Erstwhile Record's first foray into "pop" music won't strike many as being in a pop mold, but it does extend the understated forms of electro-acoustic music into more embraceable yet still abstract song territory. lowercase song forms, you think? Not completely, but there are so many tonal and minimal aspects to this album that the comparison has to be made. It's probably more accurate to say that this blends the sensibility of minimal ea-improvisation with the avant/minimal compositional world, adding a song sensibility that understands and plays with popular form. The pieces have a strong use of dynamics and harmonics, with unconventional repetition and rhythm, a detached but clear vocal style, wielded with a subtle hand that implies the concentrative interaction of improvised music in conjunction with strong compositional skills.
Michael Thieke is perhaps best known for his work with on the Creative Sources label, alone and in a quartet with label leader Ernesto Rodrigues; he's also a part of The International Nothing, another fascinating minimalist recording group which, not surprisingly, has all of the players on The Magic I.D. at one point or another. Clarinetist Kai Fagaschinksi has worked with vocalist and electronics artist Christof Kurzmann on their excellent duo record under the name Kommando Raumschiff Zitrone, First Time Ever I Saw Your Face, covering the Roberta Flack number of the same name, along with other songs of delicacy and a hint of space's massive vacuum. Kurzmann has also recorded with John Butcher on The Big Misunderstanding Between Hertz and Megahertz. Margareth Kammerer is also heard as a vocalist on Otomo Yoshihide's ONJO New Jazz Live Series 1 & 2.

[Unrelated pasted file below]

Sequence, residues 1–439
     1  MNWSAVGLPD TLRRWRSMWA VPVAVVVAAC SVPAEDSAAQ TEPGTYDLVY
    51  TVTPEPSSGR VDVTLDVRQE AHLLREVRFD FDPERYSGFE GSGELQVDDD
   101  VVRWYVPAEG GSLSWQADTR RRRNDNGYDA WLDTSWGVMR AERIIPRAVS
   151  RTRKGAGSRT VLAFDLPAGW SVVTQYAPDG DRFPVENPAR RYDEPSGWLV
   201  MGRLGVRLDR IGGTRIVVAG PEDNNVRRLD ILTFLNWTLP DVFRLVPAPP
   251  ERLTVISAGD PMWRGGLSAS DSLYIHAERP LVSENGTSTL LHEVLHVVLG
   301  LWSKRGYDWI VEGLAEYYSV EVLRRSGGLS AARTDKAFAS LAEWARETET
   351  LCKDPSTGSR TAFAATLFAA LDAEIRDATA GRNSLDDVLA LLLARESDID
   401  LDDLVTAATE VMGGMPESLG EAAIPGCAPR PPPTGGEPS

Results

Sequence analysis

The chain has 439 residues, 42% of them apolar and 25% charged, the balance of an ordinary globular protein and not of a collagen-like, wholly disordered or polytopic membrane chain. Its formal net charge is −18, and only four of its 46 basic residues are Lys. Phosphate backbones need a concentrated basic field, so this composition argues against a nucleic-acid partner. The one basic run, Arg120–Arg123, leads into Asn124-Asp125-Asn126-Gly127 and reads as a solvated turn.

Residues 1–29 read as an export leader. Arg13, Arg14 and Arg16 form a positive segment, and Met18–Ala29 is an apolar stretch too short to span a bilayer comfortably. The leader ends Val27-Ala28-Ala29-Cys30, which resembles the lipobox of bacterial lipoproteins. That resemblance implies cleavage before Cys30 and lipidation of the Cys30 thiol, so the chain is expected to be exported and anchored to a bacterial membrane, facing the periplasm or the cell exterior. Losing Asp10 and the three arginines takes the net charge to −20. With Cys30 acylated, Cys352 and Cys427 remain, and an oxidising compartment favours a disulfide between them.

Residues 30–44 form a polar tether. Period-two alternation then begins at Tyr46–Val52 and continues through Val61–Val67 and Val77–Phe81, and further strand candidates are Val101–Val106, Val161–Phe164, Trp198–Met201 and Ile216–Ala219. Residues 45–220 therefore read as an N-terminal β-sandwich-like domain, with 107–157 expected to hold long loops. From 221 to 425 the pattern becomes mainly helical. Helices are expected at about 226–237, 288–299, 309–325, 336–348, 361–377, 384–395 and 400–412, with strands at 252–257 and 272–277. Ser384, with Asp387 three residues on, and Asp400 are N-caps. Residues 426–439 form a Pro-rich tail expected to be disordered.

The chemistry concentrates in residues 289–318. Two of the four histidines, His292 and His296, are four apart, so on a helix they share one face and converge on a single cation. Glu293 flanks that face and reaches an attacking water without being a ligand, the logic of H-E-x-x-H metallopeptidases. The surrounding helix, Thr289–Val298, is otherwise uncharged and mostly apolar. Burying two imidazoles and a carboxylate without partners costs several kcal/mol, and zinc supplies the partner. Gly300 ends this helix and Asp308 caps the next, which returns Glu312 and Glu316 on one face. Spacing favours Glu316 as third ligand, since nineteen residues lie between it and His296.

"True Holiday" opens till my breath gives out with a Kafka-esque quality of distant despair in the dual tonal clarinet work of Thieke and Fagaschinski. They practically birth the album in long coloured tones that suddenly break into Kammerer's impassive vocal, telling us that she can prove that we've met before. In fact, in an over-the-shoulder way, one almost shivers to feel that they've been listening to this song for years without ever noticing it. That implication is prominent, a distantly familiar soundscape and subdued words, ideational tales that carry an isolable openness; they simply make sense when you finally hear them.
"Martin Fierro" is the most song-like of the album, backed by the strumming guitar of Margareth Kammerer. It's a pretty piece in its way, and acts as a bit of relief from the remote intensity of the balance of the songs. "Loopstuck" shows the stylistic border for this band, coming close to silliness in its plaintive sing-song quality, ultimately brought back by Kammerer's entrance with the warmly pale abstraction that makes these pieces work. "Wintersong" is an extraordinary example of what this band is capable of, Kurzmann's voice carrying a European pathos in a song that parallels the starkness of winter with the colourless march of nation states. The song evokes an Art Bears sensibility while only needing a hint of their instrumentation. The intensity of tones and their intersection makes a sort of pure tension that hunches your shoulders as though something were about to drop out of the sky, using urgent siren-like dissonance, disturbed thumping sounds, and electronically pulsing panic buttons. When the music breaks free of the instrumental section for the final lyric it leaves you expecting winter to wrap its frozen arms around you, a superb example of how less can be so much more.
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